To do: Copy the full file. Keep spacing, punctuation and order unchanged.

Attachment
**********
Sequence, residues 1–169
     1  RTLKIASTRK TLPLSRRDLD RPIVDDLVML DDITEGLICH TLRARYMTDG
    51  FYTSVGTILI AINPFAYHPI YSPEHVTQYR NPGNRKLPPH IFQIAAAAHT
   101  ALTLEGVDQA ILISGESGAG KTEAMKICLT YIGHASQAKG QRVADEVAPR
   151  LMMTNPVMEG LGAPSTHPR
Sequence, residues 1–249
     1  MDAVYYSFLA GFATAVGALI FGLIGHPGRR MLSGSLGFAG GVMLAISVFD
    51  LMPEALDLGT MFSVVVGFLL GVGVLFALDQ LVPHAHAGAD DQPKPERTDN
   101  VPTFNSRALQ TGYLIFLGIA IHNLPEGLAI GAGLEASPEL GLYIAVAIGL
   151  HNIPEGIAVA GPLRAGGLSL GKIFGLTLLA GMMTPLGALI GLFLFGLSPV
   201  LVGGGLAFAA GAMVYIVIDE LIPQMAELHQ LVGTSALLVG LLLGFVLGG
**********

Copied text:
Sequence, residues 1–169
     1  RTLKIASTRK TLPLSRRDLD RPIVDDLVML DDITEGLICH TLRARYMTDG
    51  FYTSVGTILI AINPFAYHPI YSPEHVTQYR NPGNRKLPPH IFQIAAAAHT
   101  ALTLEGVDQA ILISGESGAG KTEAMKICLT YIGHASQAKG QRVADEVAPR
   151  LMMTNPVMEG LGAPSTHPR
Sequence, residues 1–249
     1  MDAVYYSFLA GFATAVGALI FGLIGHPGRR MLSGSLGFAG GVMLAISVFD
    51  LMPEALDLGT MFSVVVGFLL GVGVLFALDQ LVPHAHAGAD DQPKPERTDN
   101  VPTFNSRALQ TGYLIFLGIA IHNLPEGLAI GAGLEASPEL GLYIAVAIGL
   151  HNIPEGIAVA GPLRAGGLSL GKIFGLTLLA GMMTPLGALI GLFLFGLSPV
   201  LVGGGLAFAA GAMVYIVIDE LIPQMAELHQ LVGTSALLVG LLLGFVLGG